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Siyanqoba: Girls’ Camp 2017

Siyanqoba Girls’ Camp 2017: “We are more than conquerors”

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This year, CAST will be hosting its second girls’ camp. Building on the success of the first camp, we hope to help the girls gain an understanding of resilience. The purpose of the camp is to equip girls with practical skills to build their physical, emotional, social, spiritual, and intellectual or cognitive resilience in the face of adversity. The camp also offers the girls a safe space for authentic engagement that will allow them to have fun, be brave, and feel safe enough to be vulnerable.

Here’s what you need to know about the camp:

When: 30 June – 02 July 2017

Where: Camp Noah (Richmond)

Who: 60 young girls (ages 13-18) selected from the CAST youth programmes run in local communities

Cost: The girls will raise R200 individually & CAST will sponsor R350 for each girl

How you can get involved:

  • Sponsor a girl to attend camp (R350 or $27).  You can donate via EFT or online at: https://www.givengain.com/cause/4933/campaigns/17462/
  • Donate materials: gift packets, A5 note books, bibles, pens.
  • Donate food items: popcorn, Marie biscuits, marshmallows, hot chocolate, hot dog rolls, chicken viennas, margarine, tomato sauce, sweets, juice, salt & Aromat.
  • Donate other items: board games, puzzles.

For more information contact Thandi Gova at: thandi@cast.org.za or 072 037 0884

CAST is a registered non-profit: 085-077 NPO. Donations are deductible in term of Section 18A of the Income Tax Act.

Bank Details:  CAST Trust, Nedbank, Westville Mall/138 026, No: 101 7717 672

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Njabulo

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Originally from Johannesburg, Njabulo is an 18 years old who is passionate about cars, science and sport.  Njabulo and his grandfather have lived in KwaDabeka since 2011.  They moved to Durban in order to be closer to family after his grandfather lost his leg in a serious accident.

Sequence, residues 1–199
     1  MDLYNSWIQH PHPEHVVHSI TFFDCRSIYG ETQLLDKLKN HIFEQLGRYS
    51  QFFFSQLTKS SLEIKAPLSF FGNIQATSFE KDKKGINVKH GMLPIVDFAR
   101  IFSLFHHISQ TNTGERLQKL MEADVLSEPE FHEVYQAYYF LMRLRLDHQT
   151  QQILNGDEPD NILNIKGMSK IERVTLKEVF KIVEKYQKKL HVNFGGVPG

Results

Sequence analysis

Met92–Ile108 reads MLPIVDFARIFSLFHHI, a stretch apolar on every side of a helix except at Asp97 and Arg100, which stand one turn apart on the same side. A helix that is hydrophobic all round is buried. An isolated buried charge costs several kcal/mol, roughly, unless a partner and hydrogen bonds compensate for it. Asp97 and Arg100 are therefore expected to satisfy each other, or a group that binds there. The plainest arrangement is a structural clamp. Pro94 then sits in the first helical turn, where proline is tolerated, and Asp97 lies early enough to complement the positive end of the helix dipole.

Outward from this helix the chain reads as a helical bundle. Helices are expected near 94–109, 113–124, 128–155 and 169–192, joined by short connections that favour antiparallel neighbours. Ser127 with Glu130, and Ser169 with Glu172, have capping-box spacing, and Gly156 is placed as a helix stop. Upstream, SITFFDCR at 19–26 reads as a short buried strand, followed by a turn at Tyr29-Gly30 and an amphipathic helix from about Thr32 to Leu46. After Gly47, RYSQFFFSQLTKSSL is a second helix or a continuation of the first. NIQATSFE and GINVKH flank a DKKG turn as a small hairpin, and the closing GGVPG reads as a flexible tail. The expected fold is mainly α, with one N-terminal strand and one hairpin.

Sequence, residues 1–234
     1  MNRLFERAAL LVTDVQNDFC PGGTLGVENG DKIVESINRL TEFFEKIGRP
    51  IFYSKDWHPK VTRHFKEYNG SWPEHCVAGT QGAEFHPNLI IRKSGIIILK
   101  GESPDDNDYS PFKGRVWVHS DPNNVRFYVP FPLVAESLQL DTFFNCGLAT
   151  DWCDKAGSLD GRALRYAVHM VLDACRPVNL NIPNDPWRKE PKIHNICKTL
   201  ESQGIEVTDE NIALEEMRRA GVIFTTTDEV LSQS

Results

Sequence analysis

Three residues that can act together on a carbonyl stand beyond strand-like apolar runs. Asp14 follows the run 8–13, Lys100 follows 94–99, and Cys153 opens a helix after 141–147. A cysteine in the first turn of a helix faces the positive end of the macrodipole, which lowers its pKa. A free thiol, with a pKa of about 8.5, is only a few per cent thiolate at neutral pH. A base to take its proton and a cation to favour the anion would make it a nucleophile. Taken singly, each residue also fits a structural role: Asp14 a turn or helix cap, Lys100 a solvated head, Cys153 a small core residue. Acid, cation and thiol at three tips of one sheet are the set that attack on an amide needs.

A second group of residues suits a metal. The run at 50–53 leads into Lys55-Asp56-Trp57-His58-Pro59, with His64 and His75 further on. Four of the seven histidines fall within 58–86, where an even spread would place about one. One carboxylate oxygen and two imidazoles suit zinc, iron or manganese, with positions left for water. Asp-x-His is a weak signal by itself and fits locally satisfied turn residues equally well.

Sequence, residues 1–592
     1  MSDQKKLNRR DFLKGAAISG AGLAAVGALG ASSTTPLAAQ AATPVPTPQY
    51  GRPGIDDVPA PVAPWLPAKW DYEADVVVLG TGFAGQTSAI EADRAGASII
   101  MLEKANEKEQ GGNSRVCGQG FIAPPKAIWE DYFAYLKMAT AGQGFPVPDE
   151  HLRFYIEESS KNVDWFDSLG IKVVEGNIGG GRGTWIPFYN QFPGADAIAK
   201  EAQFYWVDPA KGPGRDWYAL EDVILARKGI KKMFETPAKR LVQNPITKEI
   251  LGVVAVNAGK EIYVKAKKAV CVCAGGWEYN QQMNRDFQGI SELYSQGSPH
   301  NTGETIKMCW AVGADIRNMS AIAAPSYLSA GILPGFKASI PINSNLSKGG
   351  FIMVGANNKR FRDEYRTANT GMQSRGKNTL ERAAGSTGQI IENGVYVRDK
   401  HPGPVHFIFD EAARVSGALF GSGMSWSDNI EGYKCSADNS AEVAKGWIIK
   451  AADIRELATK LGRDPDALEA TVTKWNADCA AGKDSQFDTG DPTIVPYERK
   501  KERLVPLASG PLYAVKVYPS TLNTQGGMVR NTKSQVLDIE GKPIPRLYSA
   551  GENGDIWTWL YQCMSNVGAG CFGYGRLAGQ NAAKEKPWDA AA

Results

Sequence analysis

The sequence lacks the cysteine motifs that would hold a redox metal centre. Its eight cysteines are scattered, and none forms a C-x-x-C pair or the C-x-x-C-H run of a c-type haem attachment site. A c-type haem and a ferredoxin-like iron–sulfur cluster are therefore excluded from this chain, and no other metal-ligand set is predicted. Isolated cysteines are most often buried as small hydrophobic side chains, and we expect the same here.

In Johannesburg Njabulo played for the Blue Bulls Junior Rugby team and loved athletics.  However in KwaDabeka the rugby teams were too far away to join.  Wanting to try a new sport, Njabulo went to KwaDabeka Baptist Church in 2014 to find out if he could train with the CAST basketball team (aka the Clan).  After meeting with the coach and filling out a few forms, Njabulo officially joined the Clan.

“The Clan welcomed me with a warm heart.  I didn’t feel different.  They let me fit in like a puzzle piece.

From the Clan, I’ve learned about being a unit and helping others to succeed.  We help each other with homework and basketball.

CAST has also taught me how to discipline myself, and helped me to realise who I want to become.”

It was through a conversation with the Clan about cars and carbon dioxide emissions that Njabulo realised he wanted to study engineering, or something related in the science field.  His dream is to one day create his own hydrolic engine.  However his first passion is to study electronics.

As Njabulo explains, “A good scientist first sees a problem, then creates a solution.”

George Mwaura, CAST’s Youth Development Head of Department, was able to connect Njabulo with an opportunity to take a sponsored Electronic Technician diploma course at Intec College.  Njabulo is excited for the opportunity to learn more about electronics.

However, to be able to fully utilise the opportunity, Njabulo needs a used working desktop computer or laptop. CAST believes in empowering resilient youth like Njabulo, who are passionate about achieving their dreams.  If you would like to donate a computer or laptop, contact George Mwaura at: george@cast.org.za or 079 596 7364

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Soccer Boots for All

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Everyone loves buying a new pair of shoes!  In fact, just trying on new shoes can make your day better.

Last month the youth involved with CAST’s soccer teams in Noodsberg and Chibini received their own brand new shoes and socks.  For some of them it was their very first pair of new soccer boots.  CAST was only able to provide this gift through a generous donation from Community Chest.